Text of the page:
Flying into the Sun: 'Amelia' soars in Mira Nair adaptation.
Thursday, October 29, 2009
I want to see a movie about Amelia Earhart that is thrilling. That is Indiana Jones adventurous. Someday, I think, someone will make a movie like that about Earhart, about whom that kind of story is simply begging to be told. But that would be a fantasy in the opposite direction of the fantasy in which Mira Nair and screenwriters Ron Bass and Anna Hamilton Phelan chose to take their Amelia.
I wouldn’t, in fact, expect an Indiana Jones-type fantasy from Nair, whose movies are so intimate and personal that it’s as if they exist to let us see the world through the eyes of her protagonists, as they see themselves and not as how the world sees them.
And so this Amelia is a quiet, reflective film, and Earhart is not an icon or a symbol: she’s a human being, and the fantasy comes in how the film depicts her life and her achievements and everything about her not as something a woman did but something a person did. It’s a very feminist kind of fantasy, one I long to see more of, that – even if it’s not true! – women can just do what we do without having to fight every step of the way against barriers that have to do with our gender, without having to worry about what we do being compared to what other women might do, without it having to mean anything other than what it is.
Which isn’t to say that the very real strides for women that Earhart made weren’t important or should be ignored. But she didn’t live her life in order to make feminist statements; she lived her life to live her life. She flew because she loved to fly. She wanted to fly around the world not because no woman had ever done it before, but because no person had ever done it.
Which isn’t to suggest, either, that Amelia – based on the books East to the Dawn by Susan Butler and The Sound of Wings by Mary S. Lovell – completely ignores some of the bullshit Earhart faced in the brief, 10-year career as a flyer the film covers. But those things are asides, like how, after her first transAtlantic flight, she got dubbed “Lady Lindy,” as if she weren’t a real aviator but merely a cute approximation of one, an adjunct to a real aviator.
They’re not what concerns our Earhart here, played with serene poise by Hilary Swank. She worries about technical things – like why one plane she’s asked to command wastes weight with unnecessary gear for water landings. One of my favorite moments may be when, during her first solo trans-Atlantic flight, when things are getting a little dicey, she bucks herself up by telling herself, “If Lindbergh did it, you can do it.” There’s no doubt in her mind that she’s a pilot – not a “woman pilot,” just a pilot, full stop.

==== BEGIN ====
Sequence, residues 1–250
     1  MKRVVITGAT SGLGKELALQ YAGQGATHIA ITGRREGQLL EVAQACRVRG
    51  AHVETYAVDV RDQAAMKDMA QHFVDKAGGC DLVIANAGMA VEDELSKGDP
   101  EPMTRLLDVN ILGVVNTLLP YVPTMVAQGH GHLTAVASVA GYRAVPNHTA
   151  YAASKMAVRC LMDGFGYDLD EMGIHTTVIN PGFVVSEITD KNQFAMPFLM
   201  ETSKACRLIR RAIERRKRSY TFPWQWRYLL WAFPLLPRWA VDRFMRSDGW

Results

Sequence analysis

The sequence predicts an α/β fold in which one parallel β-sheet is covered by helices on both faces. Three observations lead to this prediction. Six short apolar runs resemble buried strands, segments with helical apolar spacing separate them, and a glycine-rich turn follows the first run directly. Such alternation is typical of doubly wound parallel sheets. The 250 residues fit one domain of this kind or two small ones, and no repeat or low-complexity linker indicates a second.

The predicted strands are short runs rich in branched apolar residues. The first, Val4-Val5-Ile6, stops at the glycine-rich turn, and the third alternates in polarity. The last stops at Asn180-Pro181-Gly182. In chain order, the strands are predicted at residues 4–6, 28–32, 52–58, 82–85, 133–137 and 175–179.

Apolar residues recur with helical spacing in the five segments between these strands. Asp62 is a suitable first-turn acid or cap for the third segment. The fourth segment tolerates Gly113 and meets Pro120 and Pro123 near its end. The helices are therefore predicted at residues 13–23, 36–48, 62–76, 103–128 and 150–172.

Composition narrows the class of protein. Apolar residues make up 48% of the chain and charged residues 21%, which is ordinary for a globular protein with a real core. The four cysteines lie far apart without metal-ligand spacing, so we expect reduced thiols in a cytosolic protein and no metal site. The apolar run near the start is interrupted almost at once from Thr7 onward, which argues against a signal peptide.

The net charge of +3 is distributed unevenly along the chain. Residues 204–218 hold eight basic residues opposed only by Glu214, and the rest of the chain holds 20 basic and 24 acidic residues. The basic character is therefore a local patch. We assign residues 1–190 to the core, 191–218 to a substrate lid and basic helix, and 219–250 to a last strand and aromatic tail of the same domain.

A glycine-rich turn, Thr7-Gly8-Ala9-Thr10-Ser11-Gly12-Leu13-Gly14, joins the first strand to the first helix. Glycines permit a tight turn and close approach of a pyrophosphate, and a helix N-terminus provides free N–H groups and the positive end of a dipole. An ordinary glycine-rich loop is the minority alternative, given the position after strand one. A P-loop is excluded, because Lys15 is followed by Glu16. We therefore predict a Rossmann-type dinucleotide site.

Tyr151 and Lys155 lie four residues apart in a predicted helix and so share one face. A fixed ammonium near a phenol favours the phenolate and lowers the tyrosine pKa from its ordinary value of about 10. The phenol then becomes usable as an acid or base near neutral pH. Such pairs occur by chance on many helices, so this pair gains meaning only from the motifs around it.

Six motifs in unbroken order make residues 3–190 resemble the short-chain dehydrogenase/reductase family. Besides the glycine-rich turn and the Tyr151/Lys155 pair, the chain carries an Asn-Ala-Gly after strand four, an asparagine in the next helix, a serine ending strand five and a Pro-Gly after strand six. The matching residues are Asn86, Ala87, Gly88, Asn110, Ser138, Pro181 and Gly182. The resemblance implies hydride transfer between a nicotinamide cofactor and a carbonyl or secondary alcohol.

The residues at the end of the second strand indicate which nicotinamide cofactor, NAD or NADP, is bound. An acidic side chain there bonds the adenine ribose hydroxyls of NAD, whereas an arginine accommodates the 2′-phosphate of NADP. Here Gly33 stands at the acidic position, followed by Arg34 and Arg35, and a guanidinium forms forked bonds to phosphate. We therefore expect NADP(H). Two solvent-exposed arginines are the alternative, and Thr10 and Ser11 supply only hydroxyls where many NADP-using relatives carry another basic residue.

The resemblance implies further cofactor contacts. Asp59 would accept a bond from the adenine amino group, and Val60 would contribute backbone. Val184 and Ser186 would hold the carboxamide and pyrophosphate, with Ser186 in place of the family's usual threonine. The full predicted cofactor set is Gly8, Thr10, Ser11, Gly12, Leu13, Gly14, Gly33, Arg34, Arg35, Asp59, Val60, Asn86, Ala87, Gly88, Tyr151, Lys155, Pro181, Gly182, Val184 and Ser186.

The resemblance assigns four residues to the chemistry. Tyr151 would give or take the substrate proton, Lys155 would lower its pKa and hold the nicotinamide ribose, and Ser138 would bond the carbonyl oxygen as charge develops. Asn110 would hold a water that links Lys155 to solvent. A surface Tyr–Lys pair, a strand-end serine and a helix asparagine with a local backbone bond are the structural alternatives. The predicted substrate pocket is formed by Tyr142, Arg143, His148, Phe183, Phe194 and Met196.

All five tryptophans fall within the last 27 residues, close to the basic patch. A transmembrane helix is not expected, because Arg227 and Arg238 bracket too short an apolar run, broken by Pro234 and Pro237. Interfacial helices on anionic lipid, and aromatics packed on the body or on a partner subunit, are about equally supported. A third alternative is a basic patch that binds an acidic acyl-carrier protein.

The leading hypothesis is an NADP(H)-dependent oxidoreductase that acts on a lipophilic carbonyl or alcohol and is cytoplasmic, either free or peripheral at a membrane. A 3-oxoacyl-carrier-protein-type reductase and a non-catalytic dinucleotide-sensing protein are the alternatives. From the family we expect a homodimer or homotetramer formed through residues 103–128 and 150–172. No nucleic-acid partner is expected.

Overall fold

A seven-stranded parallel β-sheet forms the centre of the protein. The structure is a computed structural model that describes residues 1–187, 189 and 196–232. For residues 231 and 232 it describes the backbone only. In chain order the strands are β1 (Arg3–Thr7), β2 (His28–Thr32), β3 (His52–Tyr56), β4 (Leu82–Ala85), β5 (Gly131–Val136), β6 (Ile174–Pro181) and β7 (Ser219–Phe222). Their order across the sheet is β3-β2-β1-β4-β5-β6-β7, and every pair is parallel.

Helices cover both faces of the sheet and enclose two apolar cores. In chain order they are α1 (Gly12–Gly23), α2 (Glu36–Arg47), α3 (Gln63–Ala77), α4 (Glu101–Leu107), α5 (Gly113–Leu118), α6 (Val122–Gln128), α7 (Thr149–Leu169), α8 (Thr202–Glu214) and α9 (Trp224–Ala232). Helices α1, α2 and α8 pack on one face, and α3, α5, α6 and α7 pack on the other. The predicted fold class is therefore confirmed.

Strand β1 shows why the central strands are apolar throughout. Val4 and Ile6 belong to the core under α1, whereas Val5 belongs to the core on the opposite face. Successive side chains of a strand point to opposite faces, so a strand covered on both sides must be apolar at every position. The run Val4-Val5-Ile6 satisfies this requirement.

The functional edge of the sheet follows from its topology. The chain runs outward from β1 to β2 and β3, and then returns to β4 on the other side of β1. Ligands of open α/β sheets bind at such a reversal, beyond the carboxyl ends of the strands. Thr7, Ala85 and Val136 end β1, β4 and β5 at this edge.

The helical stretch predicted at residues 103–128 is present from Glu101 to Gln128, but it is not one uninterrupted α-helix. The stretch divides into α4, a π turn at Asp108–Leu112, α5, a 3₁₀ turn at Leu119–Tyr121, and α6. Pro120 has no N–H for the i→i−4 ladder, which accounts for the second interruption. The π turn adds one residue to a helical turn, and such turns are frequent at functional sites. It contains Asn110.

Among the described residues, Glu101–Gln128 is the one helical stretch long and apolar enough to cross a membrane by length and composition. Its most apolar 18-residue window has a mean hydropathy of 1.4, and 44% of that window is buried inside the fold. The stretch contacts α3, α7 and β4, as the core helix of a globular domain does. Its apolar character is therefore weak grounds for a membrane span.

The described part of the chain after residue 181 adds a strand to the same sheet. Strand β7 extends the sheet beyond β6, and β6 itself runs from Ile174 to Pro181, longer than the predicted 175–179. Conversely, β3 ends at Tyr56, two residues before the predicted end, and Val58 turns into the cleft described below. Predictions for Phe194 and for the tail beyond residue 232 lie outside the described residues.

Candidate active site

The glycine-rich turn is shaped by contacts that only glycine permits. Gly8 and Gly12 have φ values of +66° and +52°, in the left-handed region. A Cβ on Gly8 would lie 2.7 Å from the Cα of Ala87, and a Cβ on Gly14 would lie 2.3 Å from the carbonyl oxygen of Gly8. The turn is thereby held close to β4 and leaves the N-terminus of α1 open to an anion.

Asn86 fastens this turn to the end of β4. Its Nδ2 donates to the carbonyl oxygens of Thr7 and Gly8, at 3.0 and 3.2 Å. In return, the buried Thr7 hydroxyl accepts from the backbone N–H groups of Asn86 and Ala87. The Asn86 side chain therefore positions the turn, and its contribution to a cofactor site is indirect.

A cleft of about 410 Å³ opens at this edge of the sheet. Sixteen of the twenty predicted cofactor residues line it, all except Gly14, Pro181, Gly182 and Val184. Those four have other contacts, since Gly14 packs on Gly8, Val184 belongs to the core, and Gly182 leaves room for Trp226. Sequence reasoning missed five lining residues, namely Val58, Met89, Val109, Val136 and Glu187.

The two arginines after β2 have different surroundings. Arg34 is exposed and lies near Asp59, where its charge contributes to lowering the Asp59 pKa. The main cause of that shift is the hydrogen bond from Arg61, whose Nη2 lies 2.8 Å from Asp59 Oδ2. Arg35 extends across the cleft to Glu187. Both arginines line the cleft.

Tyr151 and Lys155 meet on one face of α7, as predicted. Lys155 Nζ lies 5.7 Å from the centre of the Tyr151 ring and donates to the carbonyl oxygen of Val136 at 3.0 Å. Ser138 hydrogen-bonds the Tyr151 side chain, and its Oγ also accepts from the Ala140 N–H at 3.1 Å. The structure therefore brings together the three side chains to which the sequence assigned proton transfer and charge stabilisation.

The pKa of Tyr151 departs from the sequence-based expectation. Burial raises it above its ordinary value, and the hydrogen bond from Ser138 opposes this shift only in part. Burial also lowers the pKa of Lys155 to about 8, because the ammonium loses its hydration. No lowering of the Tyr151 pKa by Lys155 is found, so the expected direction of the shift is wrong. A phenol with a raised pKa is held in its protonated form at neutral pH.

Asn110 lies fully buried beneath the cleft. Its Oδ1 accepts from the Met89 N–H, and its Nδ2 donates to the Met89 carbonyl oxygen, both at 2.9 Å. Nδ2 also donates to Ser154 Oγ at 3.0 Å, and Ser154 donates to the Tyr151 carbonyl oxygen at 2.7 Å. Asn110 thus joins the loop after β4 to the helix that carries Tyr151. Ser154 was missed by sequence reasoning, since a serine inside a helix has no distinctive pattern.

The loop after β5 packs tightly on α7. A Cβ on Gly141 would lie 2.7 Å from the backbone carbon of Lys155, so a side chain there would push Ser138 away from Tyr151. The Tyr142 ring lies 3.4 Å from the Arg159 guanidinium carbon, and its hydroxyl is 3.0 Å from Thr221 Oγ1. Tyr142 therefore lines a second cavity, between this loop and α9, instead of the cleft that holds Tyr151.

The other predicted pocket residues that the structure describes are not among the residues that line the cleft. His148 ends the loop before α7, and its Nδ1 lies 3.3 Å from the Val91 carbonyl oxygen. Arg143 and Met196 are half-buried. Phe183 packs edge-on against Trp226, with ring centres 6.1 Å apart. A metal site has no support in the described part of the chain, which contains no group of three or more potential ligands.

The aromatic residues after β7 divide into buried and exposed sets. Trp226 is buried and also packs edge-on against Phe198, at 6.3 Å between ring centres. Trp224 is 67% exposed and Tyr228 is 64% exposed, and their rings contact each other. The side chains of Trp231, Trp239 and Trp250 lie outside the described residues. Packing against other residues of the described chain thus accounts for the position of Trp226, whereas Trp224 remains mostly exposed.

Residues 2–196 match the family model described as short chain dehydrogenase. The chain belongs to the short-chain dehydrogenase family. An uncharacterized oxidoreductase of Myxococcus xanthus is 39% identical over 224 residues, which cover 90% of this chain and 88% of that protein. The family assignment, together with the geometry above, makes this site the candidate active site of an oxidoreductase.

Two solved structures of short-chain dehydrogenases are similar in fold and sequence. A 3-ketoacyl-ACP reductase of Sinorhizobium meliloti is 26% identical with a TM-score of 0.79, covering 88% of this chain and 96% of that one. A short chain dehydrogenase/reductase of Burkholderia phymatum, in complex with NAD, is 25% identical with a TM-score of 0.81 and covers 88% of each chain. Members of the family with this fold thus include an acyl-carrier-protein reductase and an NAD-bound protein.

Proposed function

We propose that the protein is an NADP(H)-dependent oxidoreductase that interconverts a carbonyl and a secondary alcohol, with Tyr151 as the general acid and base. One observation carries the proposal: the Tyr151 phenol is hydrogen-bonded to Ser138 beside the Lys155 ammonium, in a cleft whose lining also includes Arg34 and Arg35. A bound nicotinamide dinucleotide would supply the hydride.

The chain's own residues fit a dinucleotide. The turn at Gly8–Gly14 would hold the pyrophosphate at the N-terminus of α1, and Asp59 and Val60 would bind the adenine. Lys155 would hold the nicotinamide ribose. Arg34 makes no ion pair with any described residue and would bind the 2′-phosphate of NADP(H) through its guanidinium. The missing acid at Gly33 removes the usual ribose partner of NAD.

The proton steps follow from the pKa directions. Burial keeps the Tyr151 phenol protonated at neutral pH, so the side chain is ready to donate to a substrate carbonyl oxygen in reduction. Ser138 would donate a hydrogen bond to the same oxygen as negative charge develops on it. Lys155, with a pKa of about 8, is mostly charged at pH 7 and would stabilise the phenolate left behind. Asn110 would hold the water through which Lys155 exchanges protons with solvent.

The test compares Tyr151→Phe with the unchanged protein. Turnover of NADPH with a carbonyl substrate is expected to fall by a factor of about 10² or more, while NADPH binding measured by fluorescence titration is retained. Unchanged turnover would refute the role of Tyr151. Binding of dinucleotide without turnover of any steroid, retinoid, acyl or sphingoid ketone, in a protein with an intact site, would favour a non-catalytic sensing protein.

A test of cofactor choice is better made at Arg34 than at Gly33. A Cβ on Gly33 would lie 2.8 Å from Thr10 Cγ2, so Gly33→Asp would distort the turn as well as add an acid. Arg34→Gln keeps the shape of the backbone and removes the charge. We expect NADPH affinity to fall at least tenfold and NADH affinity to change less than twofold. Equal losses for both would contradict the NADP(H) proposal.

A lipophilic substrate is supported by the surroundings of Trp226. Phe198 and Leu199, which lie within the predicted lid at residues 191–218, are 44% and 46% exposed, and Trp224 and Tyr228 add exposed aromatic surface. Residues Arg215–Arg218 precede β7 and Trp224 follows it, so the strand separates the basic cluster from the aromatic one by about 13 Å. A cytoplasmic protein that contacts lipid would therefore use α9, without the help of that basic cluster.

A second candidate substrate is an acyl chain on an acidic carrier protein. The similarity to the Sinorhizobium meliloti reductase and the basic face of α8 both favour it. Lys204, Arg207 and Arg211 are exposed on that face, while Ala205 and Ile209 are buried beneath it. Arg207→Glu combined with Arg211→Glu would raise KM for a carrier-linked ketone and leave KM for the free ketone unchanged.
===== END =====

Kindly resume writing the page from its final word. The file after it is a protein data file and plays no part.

The film opens in the middle of Earhart’s famous around-the-world flight, with gorgeous midair images of her beautiful, shiny Lockheed Electra airplane soaring over stunning African landscapes. And with Gabriel Yared’s haunting score reminiscent of John Barry’s for Out of Africa, I found myself thinking – hoping! – that Amelia might be a movie like that one, so utterly unapologetic about a woman who lived life on her own terms that the notion that there might be anything to apologize for doesn’t even appear to cross its mind. And, indeed, that is how Amelia plays out, not just in her flying but in her life on the ground, too.
The movie consists, mostly, of a series of flashbacks covering the 10 years prior to that historical circumnavigation, when she has affairs with the publisher George Putnam (Richard Gere) – who invents her in the eyes of the media – but to whom she is wary of making any “medieval” vows of faithfulness, and with the aviator Gene Vidal (Ewan McGregor), too, who shares her passion for flying. She doesn’t hesitate to love both men at the same time, and you can have all the debates you want over the rightness or wrongness or the fairness or the unkindness of what she did – is it “cheating” when you’ve made no bones about your lack of desire for exclusive loyalty? – but this was who she was. And this is what the film gives us: her idea of autonomy and independence that is so intrinsic to who she is that there is no question about it in the film’s mind.
That – the assumption of autonomy, whether your idea of autonomy is the same – is a luxury rarely accorded to women in our pop culture, and it is wonderful to see here.
AMELIA (3 ½) • Directed by Mira Nair • Starring Hilary Swank, Richard Gere and Ewan McGregor • Rated PG • 111 min • At Maya Cinemas, Osio Cinemas.